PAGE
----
Wilmington Traditional Latin Mass

The Holy Sacrifice of the Mass in the Extraordinary Form will be offered at St. Mary's Shrine (5th and Ann Sts.) in Wilmington, NC on the FOURTH Sunday of each month at 7 p.m.

Please make all donations payable to:
The Diocese of Raleigh
In the lower left-hand "memo" section, please write "The Extraordinary Form Ministry"


Click here to see "which Sunday" it is (The Proper of Seasons).

Sunday, October 11, 2009

Update On The TLM At Camp Lejeune
Another High Mass

Two in a row from Father Logan! I'm guessing that Fr. Bautista-Rojas is still in the bull pen warming up for the Low Mass. Anyhow, here's another photo from today's Mass, as well as a couple of other photos from around the chapel itself. (Click on photos for larger images.)

Just one of many stunning stained glass windows

Statue of St. Francis Xavier w/ Holy Relic at bottom right

Chapel façade

And for the history buffs out there, here's some of the background on St Francis Xavier Chapel (but more specifically, Father Schmitt) from the official Camp Lejeune website;
Camp Lejeune's Roman Catholic Chapel was first dedicated as St. Aloysius on 6 December 1942 in memory of Father Aloysius Schmitt, the first chaplain and first Catholic Chaplain to die in World War II. It was rededicated as St. Francis Xavier Chapel on 27 January 1943.

Each of the ten stained glass windows was designed by New Jersey artist Katharine Lamb Tait and depicts two life-size images of saints of Catholic tradition. The windows were funded as memorials to their wartime dead by the six World War II Marine Divisions, the 3rd and 5th Amphibious Corps, Fleet Marine Force Pacific, Navy personnel, and personnel of Camp Lejeune.
Father Aloysius H. Schmitt. Killed In Action Dec. 7th, 1941. USS Oklahoma - Pearl Harbor, Hawaii
Roman Catholic Chaplain Lt. j.g. Aloysius H. Schmitt, born Dec. 4, 1909 in St. Lucas, Iowa, was at the beginning of his naval career. Appointed as acting chaplain on June 28, 1939, he was serving his first tour of duty at sea onboard the USS Oklahoma (BB-37) at the time of the Japanese attack on Pearl Harbor. He had just finished celebrating his morning mass when the attack began. As the assault on the Navy’s fleet raged, Chaplain Schmitt went to the ship’s sick bay to minister to the injured and dying.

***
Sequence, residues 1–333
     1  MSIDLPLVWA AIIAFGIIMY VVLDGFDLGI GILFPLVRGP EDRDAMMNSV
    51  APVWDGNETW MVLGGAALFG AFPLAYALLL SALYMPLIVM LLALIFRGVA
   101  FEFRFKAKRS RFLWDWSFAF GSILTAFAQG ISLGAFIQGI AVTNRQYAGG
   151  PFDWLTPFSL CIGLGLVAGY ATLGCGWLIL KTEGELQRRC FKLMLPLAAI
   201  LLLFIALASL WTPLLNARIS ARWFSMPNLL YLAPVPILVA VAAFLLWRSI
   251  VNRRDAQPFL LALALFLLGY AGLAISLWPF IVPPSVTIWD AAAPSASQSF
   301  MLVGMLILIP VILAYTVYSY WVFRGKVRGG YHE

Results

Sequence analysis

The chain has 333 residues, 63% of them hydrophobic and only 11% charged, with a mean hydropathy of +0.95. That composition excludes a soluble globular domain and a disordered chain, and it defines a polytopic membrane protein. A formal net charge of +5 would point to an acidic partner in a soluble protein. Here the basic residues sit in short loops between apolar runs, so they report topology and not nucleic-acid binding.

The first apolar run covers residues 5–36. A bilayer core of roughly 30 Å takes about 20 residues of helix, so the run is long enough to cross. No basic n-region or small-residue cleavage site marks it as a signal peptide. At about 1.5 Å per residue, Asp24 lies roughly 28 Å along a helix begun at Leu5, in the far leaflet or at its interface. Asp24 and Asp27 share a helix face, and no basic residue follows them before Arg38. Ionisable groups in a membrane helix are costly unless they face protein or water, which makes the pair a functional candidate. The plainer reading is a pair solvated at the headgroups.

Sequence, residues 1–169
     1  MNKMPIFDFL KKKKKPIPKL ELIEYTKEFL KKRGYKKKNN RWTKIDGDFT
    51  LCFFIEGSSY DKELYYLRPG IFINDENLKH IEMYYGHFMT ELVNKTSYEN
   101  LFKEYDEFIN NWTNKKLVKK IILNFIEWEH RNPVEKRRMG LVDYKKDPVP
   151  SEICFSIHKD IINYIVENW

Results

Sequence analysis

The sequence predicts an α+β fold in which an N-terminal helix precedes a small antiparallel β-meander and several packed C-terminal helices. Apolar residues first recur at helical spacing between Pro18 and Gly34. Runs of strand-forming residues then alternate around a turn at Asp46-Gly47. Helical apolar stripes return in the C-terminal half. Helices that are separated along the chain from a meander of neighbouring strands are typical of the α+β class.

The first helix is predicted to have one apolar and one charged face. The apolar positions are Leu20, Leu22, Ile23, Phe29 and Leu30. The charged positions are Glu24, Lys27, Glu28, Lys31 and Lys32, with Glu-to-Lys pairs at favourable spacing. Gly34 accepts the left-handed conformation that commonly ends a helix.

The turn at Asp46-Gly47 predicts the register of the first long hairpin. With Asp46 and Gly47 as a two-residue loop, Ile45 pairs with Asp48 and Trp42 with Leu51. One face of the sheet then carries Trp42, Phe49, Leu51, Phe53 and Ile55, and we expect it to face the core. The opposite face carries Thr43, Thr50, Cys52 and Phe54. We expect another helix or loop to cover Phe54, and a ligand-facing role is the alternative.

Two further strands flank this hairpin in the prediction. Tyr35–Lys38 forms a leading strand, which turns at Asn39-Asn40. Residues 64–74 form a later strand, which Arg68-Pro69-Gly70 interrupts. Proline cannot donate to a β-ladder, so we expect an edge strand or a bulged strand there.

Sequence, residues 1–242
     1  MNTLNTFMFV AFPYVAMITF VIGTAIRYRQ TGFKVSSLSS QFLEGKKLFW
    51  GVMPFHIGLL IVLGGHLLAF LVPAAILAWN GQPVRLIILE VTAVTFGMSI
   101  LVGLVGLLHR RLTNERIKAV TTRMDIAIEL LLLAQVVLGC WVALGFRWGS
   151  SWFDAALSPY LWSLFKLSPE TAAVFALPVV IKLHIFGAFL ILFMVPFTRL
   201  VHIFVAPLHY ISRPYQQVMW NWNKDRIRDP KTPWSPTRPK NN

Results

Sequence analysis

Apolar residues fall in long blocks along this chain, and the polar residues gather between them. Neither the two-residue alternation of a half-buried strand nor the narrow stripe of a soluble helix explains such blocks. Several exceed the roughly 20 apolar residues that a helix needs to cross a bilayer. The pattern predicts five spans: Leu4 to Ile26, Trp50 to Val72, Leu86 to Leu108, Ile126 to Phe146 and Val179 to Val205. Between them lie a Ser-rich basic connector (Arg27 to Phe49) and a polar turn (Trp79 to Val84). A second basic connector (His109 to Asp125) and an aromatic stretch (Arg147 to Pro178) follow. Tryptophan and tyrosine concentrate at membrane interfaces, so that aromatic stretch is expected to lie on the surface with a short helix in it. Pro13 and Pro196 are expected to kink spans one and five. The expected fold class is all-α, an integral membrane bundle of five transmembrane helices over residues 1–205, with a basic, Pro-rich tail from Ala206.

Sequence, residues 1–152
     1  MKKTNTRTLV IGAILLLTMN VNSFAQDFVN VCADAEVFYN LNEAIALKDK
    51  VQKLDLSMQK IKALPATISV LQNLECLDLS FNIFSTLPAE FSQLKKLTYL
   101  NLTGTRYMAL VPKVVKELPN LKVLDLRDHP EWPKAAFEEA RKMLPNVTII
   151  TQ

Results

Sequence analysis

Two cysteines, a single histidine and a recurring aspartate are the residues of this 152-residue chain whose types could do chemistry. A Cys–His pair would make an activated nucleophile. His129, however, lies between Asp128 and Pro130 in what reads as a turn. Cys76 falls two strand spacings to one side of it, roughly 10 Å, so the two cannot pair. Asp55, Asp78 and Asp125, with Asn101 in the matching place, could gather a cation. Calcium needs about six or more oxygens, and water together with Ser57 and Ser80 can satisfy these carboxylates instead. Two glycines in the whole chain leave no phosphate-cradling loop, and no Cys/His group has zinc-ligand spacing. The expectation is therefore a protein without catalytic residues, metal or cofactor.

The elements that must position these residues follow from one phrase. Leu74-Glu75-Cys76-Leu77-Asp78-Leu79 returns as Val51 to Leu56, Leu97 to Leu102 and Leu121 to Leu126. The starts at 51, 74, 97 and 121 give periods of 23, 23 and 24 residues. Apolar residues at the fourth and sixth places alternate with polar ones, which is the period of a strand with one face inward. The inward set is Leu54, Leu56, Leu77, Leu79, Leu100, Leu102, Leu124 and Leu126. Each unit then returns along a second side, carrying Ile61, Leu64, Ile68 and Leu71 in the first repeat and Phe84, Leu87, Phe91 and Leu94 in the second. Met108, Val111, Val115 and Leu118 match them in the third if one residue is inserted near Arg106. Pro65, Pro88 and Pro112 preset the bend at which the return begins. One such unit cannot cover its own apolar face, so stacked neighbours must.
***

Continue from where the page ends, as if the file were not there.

When the Oklahoma was struck and water poured into her hold, the ship began to list and roll over. Many men were trapped. Schmitt found his way - with other crew members - to a compartment where only a small porthole provided enough space to escape.

Chaplain Schmitt helped other men, one by one, to crawl to safety. When it became his turn, the chaplain tried to get through the small opening. As he struggled to exit through the porthole, he became aware that others had come into the compartment from which he was trying to escape. As he realized that the water was rising rapidly and that escape would soon be impossible, he insisted on being pushed back through the hole so that he could help others who could get through the opening more easily. Accounts from eyewitnesses that have been published in the Arizona Memorial newsletter relate that the men protested, saying that he would never get out alive, but he insisted, “Please let go of me, and may God bless you all.” (From Catholicmil.org)

Father Schmitt's actual medals


Blogger Al said...

Cavey, As I said over at the Lair, Grazie for spotlighting an Iowa Boy who's story is neglected way too much, even arround here.

October 12, 2009 at 1:06 AM  
Anonymous Anonymous said...

I am so touched upon viewing the EWTN video
"For God and Country" 12/07/2011 that I fervently Pray that Chaplain Aloysius Schmitt be raied for the cause of beatification and sainthood. He is in my prayers and also I pray to him for answers to prayer for my medical problem thru his intercession. His story has touched me in a very personal way. May He Rest In Peace very close to the good Lord. Rose Marie chicago Il

January 9, 2012 at 11:57 AM  
Anonymous Anonymous said...

I approve and hope my comment will be approved to be visible Rose Marie chicago il

January 9, 2012 at 11:59 AM  

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